The application is written in C++, and uses the OpenGL and QT libraries.
Our application approximates the Earth's surface locally as a plane. Since this program provides a service for a specific community, the locality of the map mitigates distortion caused by the curvature of the Earth's surface effectively offsetting the points laid on the planar map. Had the application needed to find all services between Toronto and Chicago the distortion may be noticeable, but for our purposes this geometric approximation works fine.
Our approach toward geocoding (that is, finding the latitude and longitudes) the addresses entered by the user is fairly robust: for each address, we first check for a matching string in a local cache. If not found there, we use the Yahoo geocoder (5000 requests per IP per day), and if this fails, the Google geocoder (limitations on requests per day not as clear). When resorting to using Yahoo/Google for geocoding, we of course add the newly geocoded string to the cache. The HTTP requests made by the application have a simple structure and the returned output is either a single string with a comma delimiter, or in a basic XML format, so both are easy to parse. The two HTTP requests look like:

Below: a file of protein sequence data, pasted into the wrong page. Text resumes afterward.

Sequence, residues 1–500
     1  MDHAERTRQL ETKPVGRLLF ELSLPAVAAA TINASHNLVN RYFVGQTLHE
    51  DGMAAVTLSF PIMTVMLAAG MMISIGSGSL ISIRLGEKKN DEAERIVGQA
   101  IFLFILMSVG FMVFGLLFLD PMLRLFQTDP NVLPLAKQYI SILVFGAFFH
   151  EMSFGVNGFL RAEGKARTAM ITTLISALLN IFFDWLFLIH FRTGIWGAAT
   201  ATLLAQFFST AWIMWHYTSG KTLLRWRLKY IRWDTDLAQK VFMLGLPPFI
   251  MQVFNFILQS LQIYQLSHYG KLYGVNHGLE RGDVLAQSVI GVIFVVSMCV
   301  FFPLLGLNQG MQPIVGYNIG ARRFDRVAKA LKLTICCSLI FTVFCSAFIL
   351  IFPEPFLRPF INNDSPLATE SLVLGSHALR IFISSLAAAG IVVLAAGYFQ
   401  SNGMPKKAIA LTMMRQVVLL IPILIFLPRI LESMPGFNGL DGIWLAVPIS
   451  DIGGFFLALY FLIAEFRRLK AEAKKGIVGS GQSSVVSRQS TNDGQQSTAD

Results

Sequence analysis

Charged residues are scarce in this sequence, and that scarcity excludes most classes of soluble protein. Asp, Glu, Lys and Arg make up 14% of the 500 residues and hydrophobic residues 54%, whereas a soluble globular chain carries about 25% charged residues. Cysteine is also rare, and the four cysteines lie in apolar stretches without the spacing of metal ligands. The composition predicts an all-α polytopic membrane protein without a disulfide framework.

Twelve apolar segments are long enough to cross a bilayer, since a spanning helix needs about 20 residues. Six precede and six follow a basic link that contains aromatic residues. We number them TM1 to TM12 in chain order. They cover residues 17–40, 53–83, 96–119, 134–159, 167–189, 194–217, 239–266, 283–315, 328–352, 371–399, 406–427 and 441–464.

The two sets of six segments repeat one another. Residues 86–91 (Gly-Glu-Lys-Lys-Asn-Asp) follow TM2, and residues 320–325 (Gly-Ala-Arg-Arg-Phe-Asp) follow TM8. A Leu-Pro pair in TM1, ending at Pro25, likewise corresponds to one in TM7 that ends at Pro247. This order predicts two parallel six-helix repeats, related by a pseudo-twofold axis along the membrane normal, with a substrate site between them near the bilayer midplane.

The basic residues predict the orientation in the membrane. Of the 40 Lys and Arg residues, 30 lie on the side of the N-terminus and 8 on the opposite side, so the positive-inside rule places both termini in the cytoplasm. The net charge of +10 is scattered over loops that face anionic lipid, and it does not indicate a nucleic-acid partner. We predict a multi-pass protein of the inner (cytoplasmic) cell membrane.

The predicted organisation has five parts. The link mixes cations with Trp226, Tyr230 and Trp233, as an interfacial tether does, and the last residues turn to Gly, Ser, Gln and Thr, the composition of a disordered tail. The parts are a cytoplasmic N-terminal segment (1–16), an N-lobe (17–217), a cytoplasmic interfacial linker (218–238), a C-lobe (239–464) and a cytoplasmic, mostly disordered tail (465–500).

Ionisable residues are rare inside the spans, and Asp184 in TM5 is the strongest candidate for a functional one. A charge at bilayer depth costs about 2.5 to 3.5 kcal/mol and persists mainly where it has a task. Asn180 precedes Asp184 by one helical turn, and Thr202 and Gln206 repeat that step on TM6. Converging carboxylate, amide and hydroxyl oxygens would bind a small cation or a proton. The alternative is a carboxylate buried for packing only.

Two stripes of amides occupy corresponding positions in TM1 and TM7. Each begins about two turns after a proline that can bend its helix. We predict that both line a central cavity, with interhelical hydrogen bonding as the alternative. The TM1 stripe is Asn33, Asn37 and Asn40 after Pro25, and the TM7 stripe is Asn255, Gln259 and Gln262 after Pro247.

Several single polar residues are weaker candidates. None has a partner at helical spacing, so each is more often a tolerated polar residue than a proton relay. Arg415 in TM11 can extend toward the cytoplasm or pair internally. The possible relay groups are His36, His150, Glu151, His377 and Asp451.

GET local.yahooapis.com/MapsService/V1/geocode?appid=KEY_GOES_HERE&location="toronto" (YAHOO) GET www.google.ca/maps/geo?output=csv&q="toronto" (GOOGLE)
The application contains code to do 2D Delaunay Triangulations and their dual Voronoi Diagrams. Our intention was to use these as data structures for fast indexing of nearest neighbours as well for exploring visualizations. The two images below show DT/VD for the Toronto subway stations.